• Make sure you hit the milonga lisa and not always stuck in milonga traspie. (What’s the difference?)
  • Make sure you practice linear milonga steps, allowing you to cover ground as you dance.
  • If you feel the need to go faster, it helps to take smaller steps.
  • Milonga music is also somewhat repetitive, so use repeating movement patterns to keep you more in sync. It also helps to rehearse some cute choreo beforehand with nice/fun embellishments for both leader & follower.

SENIOR TANGO (the “musical” category) 

The senior tango division is a lot of fun and quite competitive. The more seasoned tangueros have knack for connection, elegance and musicality. They’re very calm and connected; they all look like they don’t get nervous. It’s common to think that the most athletic seniors will win but it hasn’t always been the case. Throwing out wild sacadas in the senior tango category can make you look too much like a showoff.

  • Take your time, be powerful without looking rowdy.
  • It’s especially important to look like you’re dancing, the senior division is notorious for looking really sweet.
  • Connection and musicality reigns supreme.


Stage categories are danced to your chosen song using choreography (memorized movements instead of improvised). You dance one song (per category) each day. Usually, stage competitors will wear fancier/flashier outfits and also more expressive make-up to play up the stage effect.

STAGE TANGO (the sexy category)

Last year was the first time the stage category was featured at SCTC and this year is looking to be more exciting. It’s been a great way to showcase the individuality and creative expression of different couples by having them dance their dance to piece of their chosen music.

  • Outfits are key! Be sexy and memorable.
  • You can spot a strong couple within the first 10 seconds of the choreo. Open strong and keep it strong up until the end of the song. (Don’t “save the best for last”.)
  • You don’t need to have fancy tricks through every part of the song; simple or slower movements timed perfectly with the music can have just as powerful of an impact if not more.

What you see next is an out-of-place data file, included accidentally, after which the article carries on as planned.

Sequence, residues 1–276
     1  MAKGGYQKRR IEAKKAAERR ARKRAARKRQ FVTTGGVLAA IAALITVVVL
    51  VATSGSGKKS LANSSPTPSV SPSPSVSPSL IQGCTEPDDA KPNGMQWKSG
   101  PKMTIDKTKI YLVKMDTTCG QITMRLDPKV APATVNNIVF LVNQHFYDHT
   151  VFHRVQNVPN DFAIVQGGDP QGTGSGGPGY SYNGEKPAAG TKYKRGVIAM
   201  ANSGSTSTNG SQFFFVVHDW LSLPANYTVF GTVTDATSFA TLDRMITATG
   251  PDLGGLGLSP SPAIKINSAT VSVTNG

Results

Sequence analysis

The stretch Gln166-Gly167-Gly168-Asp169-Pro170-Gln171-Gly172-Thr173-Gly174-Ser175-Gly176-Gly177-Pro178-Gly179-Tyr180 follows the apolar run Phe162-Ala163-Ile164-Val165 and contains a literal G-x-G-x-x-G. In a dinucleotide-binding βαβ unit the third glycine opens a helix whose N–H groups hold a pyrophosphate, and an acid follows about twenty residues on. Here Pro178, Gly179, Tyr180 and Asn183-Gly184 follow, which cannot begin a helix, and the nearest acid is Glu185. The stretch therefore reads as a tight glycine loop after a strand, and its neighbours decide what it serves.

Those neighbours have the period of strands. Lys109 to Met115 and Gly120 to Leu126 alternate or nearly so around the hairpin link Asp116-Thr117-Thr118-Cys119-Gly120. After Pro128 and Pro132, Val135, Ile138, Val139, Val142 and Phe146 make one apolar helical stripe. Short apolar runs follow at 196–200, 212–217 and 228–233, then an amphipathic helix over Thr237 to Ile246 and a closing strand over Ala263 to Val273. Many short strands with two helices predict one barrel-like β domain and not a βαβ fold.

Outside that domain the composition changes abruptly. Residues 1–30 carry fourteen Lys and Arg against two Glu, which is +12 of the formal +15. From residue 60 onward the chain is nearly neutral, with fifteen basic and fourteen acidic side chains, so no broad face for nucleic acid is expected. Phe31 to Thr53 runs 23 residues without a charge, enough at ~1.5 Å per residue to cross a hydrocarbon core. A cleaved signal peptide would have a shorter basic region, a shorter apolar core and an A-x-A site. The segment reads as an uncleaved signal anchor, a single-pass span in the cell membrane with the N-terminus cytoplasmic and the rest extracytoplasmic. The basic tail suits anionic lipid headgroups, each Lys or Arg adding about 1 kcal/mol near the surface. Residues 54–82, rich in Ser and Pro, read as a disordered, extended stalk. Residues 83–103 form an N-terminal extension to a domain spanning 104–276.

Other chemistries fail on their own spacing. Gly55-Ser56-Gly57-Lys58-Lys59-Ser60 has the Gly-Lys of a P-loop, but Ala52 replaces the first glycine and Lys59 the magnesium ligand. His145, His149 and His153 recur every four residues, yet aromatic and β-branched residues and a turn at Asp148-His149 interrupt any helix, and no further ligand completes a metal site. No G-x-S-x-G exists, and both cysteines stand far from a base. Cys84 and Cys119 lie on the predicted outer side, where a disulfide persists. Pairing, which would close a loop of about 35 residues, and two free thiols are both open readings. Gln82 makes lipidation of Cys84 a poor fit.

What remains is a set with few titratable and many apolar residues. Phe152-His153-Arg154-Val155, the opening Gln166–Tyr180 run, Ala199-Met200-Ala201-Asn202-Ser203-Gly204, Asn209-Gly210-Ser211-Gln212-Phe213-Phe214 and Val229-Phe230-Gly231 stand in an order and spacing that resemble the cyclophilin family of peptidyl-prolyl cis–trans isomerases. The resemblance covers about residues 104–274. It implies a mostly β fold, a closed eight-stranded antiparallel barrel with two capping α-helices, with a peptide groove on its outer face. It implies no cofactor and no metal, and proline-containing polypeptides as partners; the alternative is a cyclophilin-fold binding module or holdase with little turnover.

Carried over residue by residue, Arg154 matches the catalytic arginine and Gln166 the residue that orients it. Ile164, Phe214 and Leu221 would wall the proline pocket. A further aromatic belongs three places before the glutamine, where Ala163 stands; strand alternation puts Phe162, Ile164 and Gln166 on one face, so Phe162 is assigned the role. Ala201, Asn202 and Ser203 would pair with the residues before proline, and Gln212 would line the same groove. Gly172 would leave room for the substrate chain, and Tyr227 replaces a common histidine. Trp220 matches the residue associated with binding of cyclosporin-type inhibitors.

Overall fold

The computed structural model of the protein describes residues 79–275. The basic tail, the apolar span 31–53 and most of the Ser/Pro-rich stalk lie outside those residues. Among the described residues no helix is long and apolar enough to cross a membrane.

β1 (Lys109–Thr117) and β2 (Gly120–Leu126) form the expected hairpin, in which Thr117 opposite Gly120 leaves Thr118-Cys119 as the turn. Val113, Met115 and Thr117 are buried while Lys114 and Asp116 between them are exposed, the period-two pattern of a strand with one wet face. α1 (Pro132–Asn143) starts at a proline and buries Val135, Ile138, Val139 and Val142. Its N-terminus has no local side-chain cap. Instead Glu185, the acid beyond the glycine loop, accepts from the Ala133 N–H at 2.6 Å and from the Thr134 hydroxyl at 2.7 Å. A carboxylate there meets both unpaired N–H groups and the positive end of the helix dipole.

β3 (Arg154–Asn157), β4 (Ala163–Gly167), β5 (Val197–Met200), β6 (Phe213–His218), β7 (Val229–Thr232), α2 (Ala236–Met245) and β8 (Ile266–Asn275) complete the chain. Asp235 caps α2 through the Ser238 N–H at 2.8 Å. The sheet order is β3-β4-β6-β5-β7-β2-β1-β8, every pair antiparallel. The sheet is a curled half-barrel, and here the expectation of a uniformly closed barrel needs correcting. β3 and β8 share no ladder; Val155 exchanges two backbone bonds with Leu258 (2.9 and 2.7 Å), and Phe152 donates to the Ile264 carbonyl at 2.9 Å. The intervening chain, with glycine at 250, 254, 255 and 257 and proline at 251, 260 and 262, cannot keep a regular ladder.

• It’s most recommended to work with professional stage dancers who can put together the choreography for you based on your ability and personal style. You can also make your own choreo and then have a professional spice it up.


A fun category showcasing different dance teams and how they express the music with their choreo and group formations. It’s really interesting to see how different teachers come up with different choreo for their teams.

  • Pick a good song with powerful notes. This not only captures the audience/judges’ attention but also makes it easier for the couples to synchronize with each other.
  • Pick eye-catching formations that make it easy to get into place.
  • Timing is more important than technique. All transitions and big movements must absolutely be synchronized.


An exciting new category hosted by Oliver Kolker at SCTC 2018! This is basically the “slam dunk competition of tango” where you dance only the fast part of the song (aka “the varición”). You pick any song you like, and do at least 16 counts of the fast part.

  • This is the first time the category is being held at SCTC so we don’t know what to expect.
  • Pick a fun song, do some interesting flashy choreo, and stick the ending.
  • You only have to dance the fast part for 16 seconds and it’s choreographed…so it’s challenging, but more doable than you think. You can develop your choreo with help from professional stage dancers, or come up with your own using the classic method–Youtube inspiration (ha!).
  • Assuming there are enough entries, winners get a free trip to BA (including airfare & housing!)
  • Visit the official Pelando Variación homepage.

Round 1 just happened last night in Argentina. We can’t wait for the American PV showdown next February.

Want to try your hand at one of our exciting categories above? 


Looking for last year’s blog guides?: